What is interesting about the decision, however, is that it expressly disavows any deference to ATF’s interpretations of criminal statutes (although it conveniently upholds ATF’s current, court-favored interpretation). Slip op. at 21. The Court emphatically declined to give any deference to ATF’s interpretation of the statutes precisely because it is a criminal statute, codified in Title 18 of the U.S. Code (reserved for criminal statutes). While the Court’s apparent reason for disavowing any reliance on ATF’s interpretation was ostensibly to discredit Abramski’s argument that, at one point, ATF actually took exactly the same petition Abramski was proposing, it may well have opened quite a large door for firearms proponents. For example, the terms “firearm,” “silencer,” and “machine gun” are all defined in 18 U.S.C. § 921, part of the Criminal Code. Did the Court just invalidate all of ATF’s interpretations regarding what constitutes a firearm, silencer, or machine gun for purposes of criminal prosecutions?
This is not merely academic, as anyone who has had the misfortune of engaging a government agency in a legal battle knows that the courts typically defer to the agency on questions of interpretation of definitions and statutes. Now, however, a powerful argument can be made under Abramski that ATF’s determinations are to be given no deference at all, as many of the firearms regulations come under the Criminal Code (the rest come under the Tax Code). By way of example, ATF’s determination that Sig’s MPX-C muzzle brake is actually a silencer should no longer be given any deference, as the definition of “silencer” falls under the Criminal Code.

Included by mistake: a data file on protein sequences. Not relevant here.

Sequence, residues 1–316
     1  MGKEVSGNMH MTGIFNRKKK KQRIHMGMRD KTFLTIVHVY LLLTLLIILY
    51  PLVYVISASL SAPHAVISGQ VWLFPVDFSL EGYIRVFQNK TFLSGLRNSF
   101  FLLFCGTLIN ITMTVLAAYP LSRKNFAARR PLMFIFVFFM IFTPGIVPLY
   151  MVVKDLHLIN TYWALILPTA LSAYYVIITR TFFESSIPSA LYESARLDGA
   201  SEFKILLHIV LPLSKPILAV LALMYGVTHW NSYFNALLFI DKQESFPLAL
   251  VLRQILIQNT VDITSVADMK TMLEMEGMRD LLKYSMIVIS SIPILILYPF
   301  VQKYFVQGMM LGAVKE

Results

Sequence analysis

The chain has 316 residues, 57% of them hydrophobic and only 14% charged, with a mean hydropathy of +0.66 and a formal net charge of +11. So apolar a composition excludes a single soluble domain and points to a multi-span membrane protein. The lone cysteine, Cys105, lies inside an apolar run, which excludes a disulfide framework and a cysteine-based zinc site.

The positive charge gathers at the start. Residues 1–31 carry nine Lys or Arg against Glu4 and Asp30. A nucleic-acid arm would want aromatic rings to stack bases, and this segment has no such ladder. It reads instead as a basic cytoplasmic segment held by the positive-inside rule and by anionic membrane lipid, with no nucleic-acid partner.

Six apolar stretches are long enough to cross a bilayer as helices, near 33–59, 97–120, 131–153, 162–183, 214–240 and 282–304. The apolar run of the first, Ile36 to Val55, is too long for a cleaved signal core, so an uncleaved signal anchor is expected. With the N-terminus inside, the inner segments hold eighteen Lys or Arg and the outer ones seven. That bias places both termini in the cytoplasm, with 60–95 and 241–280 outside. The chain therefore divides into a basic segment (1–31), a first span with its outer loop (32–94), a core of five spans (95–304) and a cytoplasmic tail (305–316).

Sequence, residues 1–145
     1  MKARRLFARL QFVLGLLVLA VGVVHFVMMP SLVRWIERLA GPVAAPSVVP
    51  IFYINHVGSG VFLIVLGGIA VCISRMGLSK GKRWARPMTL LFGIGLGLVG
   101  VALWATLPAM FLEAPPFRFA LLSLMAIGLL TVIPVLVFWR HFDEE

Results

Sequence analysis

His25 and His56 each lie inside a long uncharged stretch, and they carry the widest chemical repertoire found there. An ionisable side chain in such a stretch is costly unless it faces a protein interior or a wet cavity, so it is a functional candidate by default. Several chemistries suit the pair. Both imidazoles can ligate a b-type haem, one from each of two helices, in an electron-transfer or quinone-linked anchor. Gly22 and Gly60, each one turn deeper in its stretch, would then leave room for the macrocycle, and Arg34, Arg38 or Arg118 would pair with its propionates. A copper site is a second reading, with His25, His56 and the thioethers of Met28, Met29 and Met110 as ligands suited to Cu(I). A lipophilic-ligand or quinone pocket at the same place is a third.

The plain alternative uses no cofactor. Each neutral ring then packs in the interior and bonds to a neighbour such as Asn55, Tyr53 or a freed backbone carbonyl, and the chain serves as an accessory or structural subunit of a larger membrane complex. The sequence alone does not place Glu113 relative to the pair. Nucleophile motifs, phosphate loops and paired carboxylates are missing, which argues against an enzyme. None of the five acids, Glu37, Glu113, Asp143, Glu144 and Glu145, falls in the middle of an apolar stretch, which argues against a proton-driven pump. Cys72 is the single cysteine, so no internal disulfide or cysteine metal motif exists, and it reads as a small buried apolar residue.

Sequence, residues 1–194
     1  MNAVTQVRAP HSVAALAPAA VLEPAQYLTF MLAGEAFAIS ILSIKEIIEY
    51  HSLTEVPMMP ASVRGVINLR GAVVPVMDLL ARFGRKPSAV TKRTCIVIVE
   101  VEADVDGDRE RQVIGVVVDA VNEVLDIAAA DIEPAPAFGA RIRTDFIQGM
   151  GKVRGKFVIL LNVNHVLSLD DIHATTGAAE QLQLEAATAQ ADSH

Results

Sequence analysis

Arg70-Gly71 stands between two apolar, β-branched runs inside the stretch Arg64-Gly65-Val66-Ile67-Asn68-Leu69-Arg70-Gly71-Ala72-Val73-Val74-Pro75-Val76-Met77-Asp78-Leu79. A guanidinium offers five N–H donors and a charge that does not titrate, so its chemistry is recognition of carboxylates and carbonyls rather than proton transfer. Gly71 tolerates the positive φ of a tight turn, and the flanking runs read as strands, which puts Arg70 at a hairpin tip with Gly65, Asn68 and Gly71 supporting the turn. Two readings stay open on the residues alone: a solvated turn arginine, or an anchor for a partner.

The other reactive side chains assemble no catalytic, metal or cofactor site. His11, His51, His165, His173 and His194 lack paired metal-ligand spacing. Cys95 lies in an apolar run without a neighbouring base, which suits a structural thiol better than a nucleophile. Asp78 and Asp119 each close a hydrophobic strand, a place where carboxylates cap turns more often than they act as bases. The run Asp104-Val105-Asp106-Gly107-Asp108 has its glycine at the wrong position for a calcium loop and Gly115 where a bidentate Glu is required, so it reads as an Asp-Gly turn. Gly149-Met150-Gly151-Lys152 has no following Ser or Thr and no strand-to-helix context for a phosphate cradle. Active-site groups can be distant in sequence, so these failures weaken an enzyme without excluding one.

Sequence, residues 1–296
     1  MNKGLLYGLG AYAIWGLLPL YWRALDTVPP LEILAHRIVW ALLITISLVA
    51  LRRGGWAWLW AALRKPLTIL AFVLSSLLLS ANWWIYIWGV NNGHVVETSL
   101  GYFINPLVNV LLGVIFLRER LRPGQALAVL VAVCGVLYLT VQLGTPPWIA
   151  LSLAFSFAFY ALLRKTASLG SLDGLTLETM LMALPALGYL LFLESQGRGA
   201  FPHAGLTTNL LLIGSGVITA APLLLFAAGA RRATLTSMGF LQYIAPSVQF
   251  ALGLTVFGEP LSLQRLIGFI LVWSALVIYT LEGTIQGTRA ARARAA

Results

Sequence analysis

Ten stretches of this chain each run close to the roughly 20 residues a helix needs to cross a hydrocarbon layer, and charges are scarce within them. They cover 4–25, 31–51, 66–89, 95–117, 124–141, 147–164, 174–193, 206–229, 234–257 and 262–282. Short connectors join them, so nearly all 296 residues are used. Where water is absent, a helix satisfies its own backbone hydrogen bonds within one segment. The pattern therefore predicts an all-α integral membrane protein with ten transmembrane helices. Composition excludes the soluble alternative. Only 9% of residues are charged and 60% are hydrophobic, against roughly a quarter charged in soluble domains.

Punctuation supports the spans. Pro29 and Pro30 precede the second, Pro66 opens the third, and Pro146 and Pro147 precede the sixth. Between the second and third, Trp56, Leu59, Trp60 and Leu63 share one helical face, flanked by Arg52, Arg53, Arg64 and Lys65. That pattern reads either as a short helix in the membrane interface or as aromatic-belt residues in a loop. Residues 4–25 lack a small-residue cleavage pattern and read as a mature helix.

The Court’s analysis of materiality also raises some perplexing questions. The 4473 actual buyer requirement is not created anywhere in statute or regulation. The requirement and explanation is entirely a creature of the 4473. The 4473 asks question 11.a and provides instructions defining “Actual Buyer.”
Notice that question 11.a explains that you are not an actual buyer if you are someone who is acquiring a firearm on behalf of another, and that it prohibits transfers to people who are not actual buyers. At the same time, in the instructions the ATF has created several exceptions to the actual buyer requirement (again, nowhere to be found in statute or regulation). How do these exceptions (or loopholes if you will), not contravene the purpose of § 922(a)(6)? Prohibited persons could easily make use of these exceptions in straw purchase scenarios.
Also interesting is that an agent acting on behalf of a corporation should fill out Section A of the 4473 with his own information. Section A includes question 11.a, the actual buyer question.
Under the ATF’s definition, this officer acting on behalf of the corporation is not the actual buyer. Should the officer answer “no” to question 11.a? If so, the transfer is prohibited as explained by the actual buyer question and instructions. But if the officer answers “yes” to question 11.a, the officer is committing a violation of § 922(a)(6) since the officer is not the actual buyer. There is no exception in the 4473 for agents who are not actual buyers that buy on behalf of entities.
Could a dealer still transfer someone who answers “no” to question 11.a? Only the 4473 prohibits the transaction, there is no actual statute or regulation prohibiting such a transfer as the dissent in Abramski noted. However, under the majority’s view, § 922(c) seems to catch this scenario. But § 922(c) only applies to sales to persons not present, that is, it only contemplates two parties involved in the transaction, not three. Again, a corporate buyer will not be present, so should all corporate purchases proceed under § 922(c)? And what about someone who is not purchasing the firearm from the FFL (such as someone who bought from another dealer online, but only transfers at the receiving dealer).
Finally, it is interesting to note that in November of 2012, the ATF refused to answer an FFL’s questions, one of which involved a straw purchase on behalf of a corporation.